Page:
The Muslim Brotherhood decision to name a candidate for the Egyptian presidency throws an already wobbly transition process into further disarray, writes Nathan J. Brown of the National Interest.
Assuming al-Shater’s candidacy and the balloting move forward, Egypt simply has no experience in competitive presidential campaigns, making it very hard to predict how people will vote. After the 2011 parliamentary elections, we have some sense that in those elections, organizational presence and local reputation are critical to mobilizing supporters, likely far more than specific program or ideology. But what of presidential balloting? The campaign and the balloting could be quite different. Who will vote, and how much will name recognition, individual reputation, personal charisma, program, organization and ideology count?
Yossi Beilin issues a startling call to Palestinian President Mahmoud Abbas in an open letter in Foreign Policy.
Dissolving the Palestinian Authority and returning daily control to Israel would be an action nobody could ignore. It is not at all similar to a demonstration in front of the Municipality of Ramallah, nor is it similar to appealing to the United Nations for member-state status. This is a step that only you can take, and a step that will demand a response.
Sebastian Hammelehle of Der Spiegel responds to the German author’s damning poem about Israel.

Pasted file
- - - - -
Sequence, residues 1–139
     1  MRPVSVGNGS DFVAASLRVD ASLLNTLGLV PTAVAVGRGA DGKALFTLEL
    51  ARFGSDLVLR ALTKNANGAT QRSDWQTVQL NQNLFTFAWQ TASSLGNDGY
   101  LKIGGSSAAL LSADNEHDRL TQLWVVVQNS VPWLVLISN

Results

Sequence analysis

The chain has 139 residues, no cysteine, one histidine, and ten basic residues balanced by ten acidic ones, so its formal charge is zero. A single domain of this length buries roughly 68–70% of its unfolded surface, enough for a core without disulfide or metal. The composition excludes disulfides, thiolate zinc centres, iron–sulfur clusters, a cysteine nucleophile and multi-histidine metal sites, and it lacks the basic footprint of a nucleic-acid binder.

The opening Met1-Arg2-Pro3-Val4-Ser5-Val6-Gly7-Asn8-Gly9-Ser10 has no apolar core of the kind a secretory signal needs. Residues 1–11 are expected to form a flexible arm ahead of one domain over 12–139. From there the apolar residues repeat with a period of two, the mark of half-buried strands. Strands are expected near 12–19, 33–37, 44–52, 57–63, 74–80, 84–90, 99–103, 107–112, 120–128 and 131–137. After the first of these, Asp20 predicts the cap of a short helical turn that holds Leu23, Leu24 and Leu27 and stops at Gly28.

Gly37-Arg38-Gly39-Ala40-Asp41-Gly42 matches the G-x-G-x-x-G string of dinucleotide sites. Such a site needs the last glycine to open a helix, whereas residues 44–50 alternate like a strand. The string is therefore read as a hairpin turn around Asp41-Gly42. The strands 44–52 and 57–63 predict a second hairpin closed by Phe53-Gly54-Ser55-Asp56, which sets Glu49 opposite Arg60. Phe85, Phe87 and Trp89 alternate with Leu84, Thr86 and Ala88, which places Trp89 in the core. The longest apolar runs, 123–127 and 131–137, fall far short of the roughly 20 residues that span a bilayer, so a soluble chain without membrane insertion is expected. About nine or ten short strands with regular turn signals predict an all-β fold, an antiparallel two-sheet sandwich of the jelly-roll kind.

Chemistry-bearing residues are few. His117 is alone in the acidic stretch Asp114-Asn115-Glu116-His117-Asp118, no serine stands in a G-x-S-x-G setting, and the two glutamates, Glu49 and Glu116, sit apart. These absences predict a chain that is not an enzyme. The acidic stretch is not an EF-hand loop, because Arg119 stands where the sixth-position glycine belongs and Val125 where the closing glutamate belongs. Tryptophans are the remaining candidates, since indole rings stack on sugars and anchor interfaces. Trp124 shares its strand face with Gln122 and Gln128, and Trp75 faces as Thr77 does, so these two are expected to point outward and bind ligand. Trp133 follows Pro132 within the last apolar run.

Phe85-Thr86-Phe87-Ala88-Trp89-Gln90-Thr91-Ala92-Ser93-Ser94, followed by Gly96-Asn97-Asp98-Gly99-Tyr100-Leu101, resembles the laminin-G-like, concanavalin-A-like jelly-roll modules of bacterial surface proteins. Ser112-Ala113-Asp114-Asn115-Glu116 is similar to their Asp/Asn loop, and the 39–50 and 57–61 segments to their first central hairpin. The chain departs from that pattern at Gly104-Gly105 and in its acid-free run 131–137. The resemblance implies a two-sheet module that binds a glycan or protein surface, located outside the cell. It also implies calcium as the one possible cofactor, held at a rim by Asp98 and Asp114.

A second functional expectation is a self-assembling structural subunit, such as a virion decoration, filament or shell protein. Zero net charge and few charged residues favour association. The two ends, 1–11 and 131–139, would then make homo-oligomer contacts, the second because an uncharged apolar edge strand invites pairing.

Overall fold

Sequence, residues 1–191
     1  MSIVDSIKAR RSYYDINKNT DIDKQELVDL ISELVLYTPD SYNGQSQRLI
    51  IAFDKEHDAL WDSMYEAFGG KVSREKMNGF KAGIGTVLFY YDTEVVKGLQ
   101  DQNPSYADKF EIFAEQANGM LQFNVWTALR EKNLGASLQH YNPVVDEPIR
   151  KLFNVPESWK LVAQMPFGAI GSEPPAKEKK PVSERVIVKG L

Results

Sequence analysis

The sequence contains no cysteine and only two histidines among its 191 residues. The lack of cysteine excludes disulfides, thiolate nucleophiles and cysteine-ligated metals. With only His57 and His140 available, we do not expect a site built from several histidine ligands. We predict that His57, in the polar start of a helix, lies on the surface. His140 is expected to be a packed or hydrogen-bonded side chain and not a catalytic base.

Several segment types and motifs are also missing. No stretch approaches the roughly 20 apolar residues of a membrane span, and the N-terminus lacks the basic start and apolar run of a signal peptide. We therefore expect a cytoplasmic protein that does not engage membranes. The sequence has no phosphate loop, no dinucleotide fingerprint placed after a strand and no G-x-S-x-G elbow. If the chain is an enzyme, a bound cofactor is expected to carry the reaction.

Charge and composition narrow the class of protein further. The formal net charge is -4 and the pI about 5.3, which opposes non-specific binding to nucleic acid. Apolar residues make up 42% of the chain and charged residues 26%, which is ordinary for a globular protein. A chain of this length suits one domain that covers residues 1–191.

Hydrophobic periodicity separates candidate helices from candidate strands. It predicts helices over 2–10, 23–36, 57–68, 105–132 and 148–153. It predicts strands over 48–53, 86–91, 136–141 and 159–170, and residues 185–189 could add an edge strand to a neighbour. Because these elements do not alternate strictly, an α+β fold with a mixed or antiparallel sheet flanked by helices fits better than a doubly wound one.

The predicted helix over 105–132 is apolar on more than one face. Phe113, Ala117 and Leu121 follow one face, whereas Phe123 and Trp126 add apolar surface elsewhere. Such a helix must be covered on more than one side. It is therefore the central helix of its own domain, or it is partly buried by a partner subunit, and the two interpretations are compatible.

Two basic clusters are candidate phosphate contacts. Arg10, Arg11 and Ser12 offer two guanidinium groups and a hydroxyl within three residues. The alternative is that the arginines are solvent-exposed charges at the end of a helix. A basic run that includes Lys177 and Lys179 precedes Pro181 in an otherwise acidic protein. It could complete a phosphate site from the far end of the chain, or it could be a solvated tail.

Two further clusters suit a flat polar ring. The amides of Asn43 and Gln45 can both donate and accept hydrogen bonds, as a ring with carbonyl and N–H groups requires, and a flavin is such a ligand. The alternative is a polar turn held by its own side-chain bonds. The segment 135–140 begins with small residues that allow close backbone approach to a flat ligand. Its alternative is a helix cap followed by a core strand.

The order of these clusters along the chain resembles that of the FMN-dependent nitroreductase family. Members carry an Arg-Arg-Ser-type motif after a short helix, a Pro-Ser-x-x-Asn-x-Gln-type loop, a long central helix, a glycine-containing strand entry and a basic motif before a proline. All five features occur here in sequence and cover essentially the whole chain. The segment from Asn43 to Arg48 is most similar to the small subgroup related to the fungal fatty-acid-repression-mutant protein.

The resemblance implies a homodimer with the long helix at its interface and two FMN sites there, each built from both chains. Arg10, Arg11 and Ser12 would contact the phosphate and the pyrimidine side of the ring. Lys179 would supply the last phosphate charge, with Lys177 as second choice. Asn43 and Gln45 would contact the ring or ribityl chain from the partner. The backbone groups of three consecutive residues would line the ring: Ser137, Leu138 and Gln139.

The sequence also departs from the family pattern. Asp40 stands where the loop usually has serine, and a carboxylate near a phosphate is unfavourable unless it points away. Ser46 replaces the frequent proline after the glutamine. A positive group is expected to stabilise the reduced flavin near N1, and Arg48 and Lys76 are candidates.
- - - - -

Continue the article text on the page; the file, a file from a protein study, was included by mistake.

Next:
It is in poor taste when the Germans, of all people, start telling the Israelis what to do. Never in the history of postwar Germany has an intellectual as prominent as Grass presented such hollow clichés about Israel in such a vain manner. It completely overshadows his reasonable call for both the Israeli and Iranian nuclear capabilities to be monitored by “an international entity.”
Lee Smith of Tablet tries to get to the heart of accusations that the Obama administration leaked details of a plan for Israel to use Azerbaijan as a key location in an attack on neighboring Iran.
Presumably, hurting a president who has spoken of putting some distance between the United States and Israel was the last thing that Mark Perry and his sources had in mind. But there are obviously plenty of actors, throughout American and Israeli politics, who are eager to see Obama weakened in an election year.
Matti Friedman of the Times of Israel recounts Pesach for soldiers of the British army’s Jewish Brigade in the aftermath of the Holocaust, many who had been recruited from the Yishuv.
“This Haggada,” reads an inscription at the beginning, “is dedicated to the men of our unit and the guests gathered with us, with the hope that this Seder – our third on Italian soil – will be our last in a foreign land. Our hope is to return quickly to our birthright and build a home there for ourselves and for the masses of our brothers longing for it.”
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